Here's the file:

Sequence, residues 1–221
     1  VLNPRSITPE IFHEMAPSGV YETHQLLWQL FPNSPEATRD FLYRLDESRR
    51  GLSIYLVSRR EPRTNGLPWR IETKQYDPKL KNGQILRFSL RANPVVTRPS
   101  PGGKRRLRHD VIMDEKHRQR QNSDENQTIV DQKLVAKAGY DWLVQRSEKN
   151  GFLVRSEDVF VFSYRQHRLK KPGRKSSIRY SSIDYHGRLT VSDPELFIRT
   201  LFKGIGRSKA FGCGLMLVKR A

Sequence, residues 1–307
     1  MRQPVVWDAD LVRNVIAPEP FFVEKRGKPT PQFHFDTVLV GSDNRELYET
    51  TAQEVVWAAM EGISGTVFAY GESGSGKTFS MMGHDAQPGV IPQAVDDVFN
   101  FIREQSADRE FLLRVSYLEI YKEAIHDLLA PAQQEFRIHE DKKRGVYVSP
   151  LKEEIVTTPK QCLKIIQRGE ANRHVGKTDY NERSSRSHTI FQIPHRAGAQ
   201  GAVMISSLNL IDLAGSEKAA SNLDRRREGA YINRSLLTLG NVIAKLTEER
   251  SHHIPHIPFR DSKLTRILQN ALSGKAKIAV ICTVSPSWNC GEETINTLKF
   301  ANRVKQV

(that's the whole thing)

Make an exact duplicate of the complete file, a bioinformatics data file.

Sequence, residues 1–221
     1  VLNPRSITPE IFHEMAPSGV YETHQLLWQL FPNSPEATRD FLYRLDESRR
    51  GLSIYLVSRR EPRTNGLPWR IETKQYDPKL KNGQILRFSL RANPVVTRPS
   101  PGGKRRLRHD VIMDEKHRQR QNSDENQTIV DQKLVAKAGY DWLVQRSEKN
   151  GFLVRSEDVF VFSYRQHRLK KPGRKSSIRY SSIDYHGRLT VSDPELFIRT
   201  LFKGIGRSKA FGCGLMLVKR A

Sequence, residues 1–307
     1  MRQPVVWDAD LVRNVIAPEP FFVEKRGKPT PQFHFDTVLV GSDNRELYET
    51  TAQEVVWAAM EGISGTVFAY GESGSGKTFS MMGHDAQPGV IPQAVDDVFN
   101  FIREQSADRE FLLRVSYLEI YKEAIHDLLA PAQQEFRIHE DKKRGVYVSP
   151  LKEEIVTTPK QCLKIIQRGE ANRHVGKTDY NERSSRSHTI FQIPHRAGAQ
   201  GAVMISSLNL IDLAGSEKAA SNLDRRREGA YINRSLLTLG NVIAKLTEER
   251  SHHIPHIPFR DSKLTRILQN ALSGKAKIAV ICTVSPSWNC GEETINTLKF
   301  ANRVKQV